Questionnaires were administered to 100 people in each project area. The project team designed the questionnaire and a random stratified sampling procedure was used to select the questionnaire recipients. The questionnaire was administered by counter-part staff who were located outside to the project area. The result was a very low level of participation; just information extraction; and no social capital building opportunities. It is recommended that design input be sought from key local stakeholders to improve the efficiency and validity of the questionnaire. Social capital building opportunities could also be maximized if local extension personnel administered the questionnaire. Depending on their capacity some training may be required to ensure the questionnaire is administered rigorously and they should receive some pay to supplement the time away from other activities. The social capital building opportunities from this are significant. The local extension staff represent an important existing link between a variety of different members within the community and cross social groups. The networks and linkages established through administering the questionnaire are likely to last and contribute to community level social capital.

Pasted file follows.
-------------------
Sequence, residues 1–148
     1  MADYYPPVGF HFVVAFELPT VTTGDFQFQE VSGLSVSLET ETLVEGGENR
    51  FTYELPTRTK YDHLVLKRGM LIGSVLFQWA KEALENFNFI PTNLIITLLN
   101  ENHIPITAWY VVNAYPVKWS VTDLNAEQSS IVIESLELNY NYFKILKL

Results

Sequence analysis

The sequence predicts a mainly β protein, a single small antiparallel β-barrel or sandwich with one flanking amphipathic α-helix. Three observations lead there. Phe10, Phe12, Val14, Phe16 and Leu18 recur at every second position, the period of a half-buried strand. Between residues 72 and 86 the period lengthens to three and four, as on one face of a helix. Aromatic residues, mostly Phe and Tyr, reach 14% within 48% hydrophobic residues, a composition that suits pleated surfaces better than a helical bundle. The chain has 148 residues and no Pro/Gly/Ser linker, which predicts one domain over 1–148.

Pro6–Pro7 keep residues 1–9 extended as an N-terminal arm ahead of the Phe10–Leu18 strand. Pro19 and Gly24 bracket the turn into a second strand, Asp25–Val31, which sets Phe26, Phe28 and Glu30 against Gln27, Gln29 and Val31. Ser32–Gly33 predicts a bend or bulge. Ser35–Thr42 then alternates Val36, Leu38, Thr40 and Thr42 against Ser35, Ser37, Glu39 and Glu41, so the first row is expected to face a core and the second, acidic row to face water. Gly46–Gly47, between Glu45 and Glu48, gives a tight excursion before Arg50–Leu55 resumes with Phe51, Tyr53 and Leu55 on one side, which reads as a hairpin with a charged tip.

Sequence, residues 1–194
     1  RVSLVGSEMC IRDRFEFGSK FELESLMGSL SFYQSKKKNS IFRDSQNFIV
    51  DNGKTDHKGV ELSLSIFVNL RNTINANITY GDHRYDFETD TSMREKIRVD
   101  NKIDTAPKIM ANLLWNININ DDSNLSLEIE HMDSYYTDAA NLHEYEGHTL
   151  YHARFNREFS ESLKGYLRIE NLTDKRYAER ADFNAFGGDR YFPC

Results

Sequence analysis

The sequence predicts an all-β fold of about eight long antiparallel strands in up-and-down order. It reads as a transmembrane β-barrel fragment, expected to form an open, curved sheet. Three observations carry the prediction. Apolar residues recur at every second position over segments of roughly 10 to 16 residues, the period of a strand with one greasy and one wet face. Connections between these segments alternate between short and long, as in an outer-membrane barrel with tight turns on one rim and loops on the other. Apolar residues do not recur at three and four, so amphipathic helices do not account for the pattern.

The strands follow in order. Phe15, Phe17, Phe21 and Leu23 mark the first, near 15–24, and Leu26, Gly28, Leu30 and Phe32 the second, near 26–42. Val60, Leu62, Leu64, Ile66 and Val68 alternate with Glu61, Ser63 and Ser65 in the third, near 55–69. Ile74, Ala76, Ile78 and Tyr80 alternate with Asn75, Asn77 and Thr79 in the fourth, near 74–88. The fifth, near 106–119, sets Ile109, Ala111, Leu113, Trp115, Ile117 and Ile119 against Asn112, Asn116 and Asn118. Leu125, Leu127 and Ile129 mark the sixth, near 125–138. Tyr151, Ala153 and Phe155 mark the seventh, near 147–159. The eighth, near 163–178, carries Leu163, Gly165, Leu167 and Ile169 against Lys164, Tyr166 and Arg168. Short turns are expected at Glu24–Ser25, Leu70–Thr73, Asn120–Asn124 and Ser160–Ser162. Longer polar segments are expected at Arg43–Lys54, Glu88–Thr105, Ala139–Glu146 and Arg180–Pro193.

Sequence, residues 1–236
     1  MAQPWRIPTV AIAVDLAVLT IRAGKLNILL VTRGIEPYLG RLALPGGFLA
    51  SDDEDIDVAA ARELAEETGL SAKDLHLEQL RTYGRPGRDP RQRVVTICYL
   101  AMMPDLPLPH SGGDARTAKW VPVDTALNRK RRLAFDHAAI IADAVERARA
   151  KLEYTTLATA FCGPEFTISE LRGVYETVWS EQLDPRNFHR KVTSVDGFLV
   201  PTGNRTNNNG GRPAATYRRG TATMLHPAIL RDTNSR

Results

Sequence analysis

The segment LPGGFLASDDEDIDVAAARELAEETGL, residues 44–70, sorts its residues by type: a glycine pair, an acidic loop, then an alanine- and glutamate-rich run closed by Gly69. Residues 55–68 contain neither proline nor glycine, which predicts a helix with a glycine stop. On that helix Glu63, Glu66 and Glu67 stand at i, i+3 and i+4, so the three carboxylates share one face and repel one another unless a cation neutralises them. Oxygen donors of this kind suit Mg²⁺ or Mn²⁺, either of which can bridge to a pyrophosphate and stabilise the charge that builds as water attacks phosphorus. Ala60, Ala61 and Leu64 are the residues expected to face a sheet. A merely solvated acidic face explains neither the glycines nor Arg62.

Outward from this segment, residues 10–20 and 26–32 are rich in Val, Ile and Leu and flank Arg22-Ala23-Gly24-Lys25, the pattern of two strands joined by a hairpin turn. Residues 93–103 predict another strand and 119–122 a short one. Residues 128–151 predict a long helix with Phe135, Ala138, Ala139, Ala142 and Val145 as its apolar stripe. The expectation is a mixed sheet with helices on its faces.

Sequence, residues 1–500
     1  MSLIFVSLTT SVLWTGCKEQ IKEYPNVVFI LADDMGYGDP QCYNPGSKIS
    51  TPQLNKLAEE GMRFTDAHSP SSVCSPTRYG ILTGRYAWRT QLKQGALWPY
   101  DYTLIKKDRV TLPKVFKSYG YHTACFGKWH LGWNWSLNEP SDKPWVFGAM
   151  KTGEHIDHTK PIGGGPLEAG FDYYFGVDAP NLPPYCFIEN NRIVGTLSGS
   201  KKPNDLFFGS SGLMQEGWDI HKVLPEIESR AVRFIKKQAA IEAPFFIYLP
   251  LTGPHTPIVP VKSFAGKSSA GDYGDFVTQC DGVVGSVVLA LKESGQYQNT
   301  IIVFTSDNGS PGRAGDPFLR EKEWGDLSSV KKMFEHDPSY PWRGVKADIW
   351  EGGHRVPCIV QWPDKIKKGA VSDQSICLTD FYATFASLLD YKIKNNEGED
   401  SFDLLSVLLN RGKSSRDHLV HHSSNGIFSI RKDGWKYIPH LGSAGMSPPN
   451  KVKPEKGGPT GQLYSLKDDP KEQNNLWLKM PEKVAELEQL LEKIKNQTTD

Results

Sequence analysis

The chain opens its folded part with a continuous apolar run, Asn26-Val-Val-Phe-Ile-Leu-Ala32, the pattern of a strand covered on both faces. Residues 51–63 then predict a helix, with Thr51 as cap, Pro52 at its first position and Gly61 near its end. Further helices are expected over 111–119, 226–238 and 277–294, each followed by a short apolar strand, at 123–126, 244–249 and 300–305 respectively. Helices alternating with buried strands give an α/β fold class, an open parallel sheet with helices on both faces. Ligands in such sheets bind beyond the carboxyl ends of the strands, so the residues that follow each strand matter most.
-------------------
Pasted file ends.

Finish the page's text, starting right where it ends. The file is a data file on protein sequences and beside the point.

The biggest advantage for project level social capital occurred as a result of linkages between the separate project teams. The personnel shared identification with each other and this strong belonging led to almost immediate generation of norms of reciprocity. The team members saw themselves a ‘whities in a black land’. The collaboration between the projects increased significantly with regular meetings, sharing of materials, help and this is likely to continue.
Citing this article
This report was prepared for Social Capital Research. You should reference this work as:
Claridge, T., 2004. Designing social capital sensitive participation methodologies. Report, Social Capital Research, Brisbane, Australia.